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Unalaska Island is one of the largest islands in the Aleutian chain. Long the home of Aleuts, it became the site of a Russian trading post in the eighteenth century. This settlement was located on the spit of land between Iliuliuk Bay and Iliuliuk River, which is also the original townsite of Unalaska. Today, the city encompasses a much larger area, including the better-known Dutch Harbor.

As far as is known, no Russian-era buildings survive, but one of the largest and most elegant of the Russian Orthodox churches is located here, representing the persistence of Russian influence. In the late nineteenth century, the Northern Commercial Company established a dock and warehouses on the Dutch Harbor side of the bay, and at the Unalaska townsite, the Alaska Commercial Company occupied the northwest end of the spit, now the site of a cannery. At the other end of Unalaska was the town's cemetery. In between, there was a mixture of small buildings constructed by public and private owners.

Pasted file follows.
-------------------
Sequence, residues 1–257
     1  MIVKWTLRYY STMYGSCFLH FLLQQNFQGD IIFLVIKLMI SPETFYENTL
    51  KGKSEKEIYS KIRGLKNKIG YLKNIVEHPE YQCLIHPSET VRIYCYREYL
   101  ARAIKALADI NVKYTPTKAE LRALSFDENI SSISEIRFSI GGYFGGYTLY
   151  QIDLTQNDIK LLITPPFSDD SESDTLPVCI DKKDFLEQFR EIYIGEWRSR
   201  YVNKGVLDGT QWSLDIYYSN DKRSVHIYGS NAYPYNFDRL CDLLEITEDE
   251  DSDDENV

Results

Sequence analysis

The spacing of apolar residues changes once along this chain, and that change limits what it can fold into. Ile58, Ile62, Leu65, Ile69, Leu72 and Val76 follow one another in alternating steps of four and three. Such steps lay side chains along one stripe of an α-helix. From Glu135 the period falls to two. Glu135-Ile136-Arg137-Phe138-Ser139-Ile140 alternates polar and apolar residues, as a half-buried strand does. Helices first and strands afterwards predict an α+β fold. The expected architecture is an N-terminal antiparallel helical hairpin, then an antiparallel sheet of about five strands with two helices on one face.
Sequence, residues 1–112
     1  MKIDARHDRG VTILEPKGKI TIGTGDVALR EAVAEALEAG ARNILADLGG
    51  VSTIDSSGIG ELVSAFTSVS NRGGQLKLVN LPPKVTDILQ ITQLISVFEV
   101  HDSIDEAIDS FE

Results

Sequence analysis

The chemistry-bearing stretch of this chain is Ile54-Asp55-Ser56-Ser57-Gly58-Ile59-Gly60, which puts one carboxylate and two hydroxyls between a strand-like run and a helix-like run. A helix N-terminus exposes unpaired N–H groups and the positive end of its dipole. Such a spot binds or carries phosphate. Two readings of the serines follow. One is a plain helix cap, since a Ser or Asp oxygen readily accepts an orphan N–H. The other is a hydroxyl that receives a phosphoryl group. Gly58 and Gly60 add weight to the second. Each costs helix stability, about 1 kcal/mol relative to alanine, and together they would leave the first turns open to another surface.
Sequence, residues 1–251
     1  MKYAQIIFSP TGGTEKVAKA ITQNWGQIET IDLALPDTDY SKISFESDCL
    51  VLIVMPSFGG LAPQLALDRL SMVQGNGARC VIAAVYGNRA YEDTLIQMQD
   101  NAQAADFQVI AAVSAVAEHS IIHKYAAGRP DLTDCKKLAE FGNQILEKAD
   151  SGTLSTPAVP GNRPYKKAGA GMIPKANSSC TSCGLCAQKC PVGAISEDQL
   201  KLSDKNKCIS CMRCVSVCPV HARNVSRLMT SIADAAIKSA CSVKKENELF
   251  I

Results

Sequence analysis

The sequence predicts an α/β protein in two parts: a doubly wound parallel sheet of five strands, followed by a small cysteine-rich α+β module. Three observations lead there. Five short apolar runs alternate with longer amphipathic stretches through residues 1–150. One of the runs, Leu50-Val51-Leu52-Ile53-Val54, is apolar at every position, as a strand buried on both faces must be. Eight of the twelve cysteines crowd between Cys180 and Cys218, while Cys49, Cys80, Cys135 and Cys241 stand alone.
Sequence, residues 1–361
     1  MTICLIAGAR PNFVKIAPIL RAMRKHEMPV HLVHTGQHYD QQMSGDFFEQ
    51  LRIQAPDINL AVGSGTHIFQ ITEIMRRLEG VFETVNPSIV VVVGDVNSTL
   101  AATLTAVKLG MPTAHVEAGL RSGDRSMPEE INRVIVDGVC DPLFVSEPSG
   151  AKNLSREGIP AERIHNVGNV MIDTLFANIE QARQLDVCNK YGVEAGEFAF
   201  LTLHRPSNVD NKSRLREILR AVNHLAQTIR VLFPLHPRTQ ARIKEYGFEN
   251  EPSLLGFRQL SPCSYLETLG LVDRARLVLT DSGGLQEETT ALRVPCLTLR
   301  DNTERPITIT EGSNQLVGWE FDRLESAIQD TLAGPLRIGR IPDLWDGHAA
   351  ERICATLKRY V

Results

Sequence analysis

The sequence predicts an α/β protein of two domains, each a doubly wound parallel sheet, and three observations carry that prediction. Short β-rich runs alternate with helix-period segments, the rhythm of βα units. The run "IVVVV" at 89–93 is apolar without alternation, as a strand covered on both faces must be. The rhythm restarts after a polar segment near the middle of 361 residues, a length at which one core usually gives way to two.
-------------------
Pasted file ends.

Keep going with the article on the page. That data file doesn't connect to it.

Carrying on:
During the Second World War, both navy and army posts were located on the island. The army moved Fort Mears to Unalaska Valley and built a number of houses. These 16-foot-by-20-foot houses, known as cabanas, were sold to Natives in 1944–1945 for nominal amounts and moved down to the townsite on skids. Some have been attached and combined into bigger buildings.

Writing Credits

Alison K. Hoagland

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